2. Chomsky: I Just Visited Lula, the World’s Most Prominent Political Prisoner

This article is by Noam Chomsky on The Intercept. It starts as follows:

Prisons are reminiscent of Tolstoy’s famous observation about unhappy families: Each “is unhappy in its own way,” though there are some common features — for prisons, the grim and stifling recognition that someone else has total authority over your life.

My wife Valeria and I have just visited a prison to see arguably the most prominent political prisoner of today, a person of unusual significance in contemporary global politics.

By the standards of U.S. prisons I’ve seen, the Federal Prison in Curitiba, Brazil, is not formidable or oppressive — though that is a rather low bar.  It is nothing like the few I’ve visited abroad — not remotely like Israel’s Khiyam torture chamber in southern Lebanon, later bombed to dust to efface the crime, and a very long way from the unspeakable horrors of Pinochet’s Villa Grimaldi, where the few who survived the exquisitely designed series of tortures were tossed into a tower to rot — one of the means to ensure that the first neoliberal experiment, under the supervision of leading Chicago economists, could proceed without disruptive voices.

Nonetheless, it is a prison.

Quite so, I suppose, and - as far as I can remember - this is the first appearance of Chomsky as a writer on The Intercept. Chomsky is almost 90 now.

The above first paragraph continues thus:

The prisoner we visited, Luiz Inácio Lula da Silva – “Lula,” as he is universally known — has been sentenced to virtual life imprisonment, in solitary confinement, with no access to press or journals and with limited visits one day a week.

The day after our visit, one judge, citing press freedoms, granted the request of the nation’s largest newspaper, Folha of São Paulo, to interview Lula, but another judge quickly intervened and reversed that decision, notwithstanding the fact that the country’s most violent criminals — its militia leaders and drug traffickers — are routinely interviewed in prison.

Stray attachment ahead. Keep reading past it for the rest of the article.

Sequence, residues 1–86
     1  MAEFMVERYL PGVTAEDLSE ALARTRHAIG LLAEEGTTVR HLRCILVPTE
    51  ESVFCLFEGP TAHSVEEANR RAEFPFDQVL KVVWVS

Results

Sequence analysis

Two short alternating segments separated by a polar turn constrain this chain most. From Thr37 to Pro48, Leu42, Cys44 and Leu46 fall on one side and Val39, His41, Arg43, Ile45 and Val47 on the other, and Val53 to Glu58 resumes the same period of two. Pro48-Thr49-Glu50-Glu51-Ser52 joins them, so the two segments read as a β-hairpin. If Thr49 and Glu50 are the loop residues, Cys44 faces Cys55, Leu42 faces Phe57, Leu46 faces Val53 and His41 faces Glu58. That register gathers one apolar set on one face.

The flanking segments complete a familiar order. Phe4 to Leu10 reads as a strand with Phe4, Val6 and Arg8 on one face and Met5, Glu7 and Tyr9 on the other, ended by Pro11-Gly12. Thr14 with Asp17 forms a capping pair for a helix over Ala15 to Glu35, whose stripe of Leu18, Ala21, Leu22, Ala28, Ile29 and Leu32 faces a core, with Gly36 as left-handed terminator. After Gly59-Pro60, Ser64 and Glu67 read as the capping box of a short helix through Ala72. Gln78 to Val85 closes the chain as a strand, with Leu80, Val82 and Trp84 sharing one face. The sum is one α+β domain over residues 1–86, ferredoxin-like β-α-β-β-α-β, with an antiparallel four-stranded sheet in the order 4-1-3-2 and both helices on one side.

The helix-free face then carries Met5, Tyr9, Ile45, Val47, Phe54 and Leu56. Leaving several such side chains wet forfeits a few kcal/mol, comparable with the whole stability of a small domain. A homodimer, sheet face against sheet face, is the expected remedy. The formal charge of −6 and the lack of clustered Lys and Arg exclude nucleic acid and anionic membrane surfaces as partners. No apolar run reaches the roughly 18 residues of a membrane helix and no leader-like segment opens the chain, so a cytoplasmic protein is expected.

To Brazil’s power structure, imprisoning Lula is not enough: They want to ensure that the population, as it prepares to vote, cannot hear from him at all, and are apparently willing to use any means to accomplish that goal.

The judge who reversed the permission wasn’t breaking any new ground. One predecessor was the prosecutor at the 1926 sentencing of Antonio Gramsci by Mussolini’s Fascist government, who declared, “We must stop his brain from working for 20 years.”

“History doesn’t repeat itself but it often rhymes,” as Mark Twain observed.
Quite so. There is a whole lot more in this article, but I will only quote two more bits. Here is the first, and Dowbor is a Brazilian economist:

Furthermore, Dowbor continues, “After 2014, GDP dropped sharply while interest and profits of financial intermediaries increased between 20% and 30% a year,” a systematic feature of a financial system that “does not serve the economy, but is served by it. It is negative net productivity. The financial machine is living at the expense of the real economy.”

The phenomenon is worldwide. Joseph Stiglitz summarizes the situation simply: “Where before finance was a mechanism for getting money into firms, now it functions to get money out of them.” That is one of the sharp reversals of socio-economic policy brought to the world by the neoliberal assault, along with the sharp concentration of wealth in few hands while the majority stagnates, social benefits decline, and functioning democracy is undermined by obvious means as economic power concentrates, increasingly in the hands of predatory financial institutions.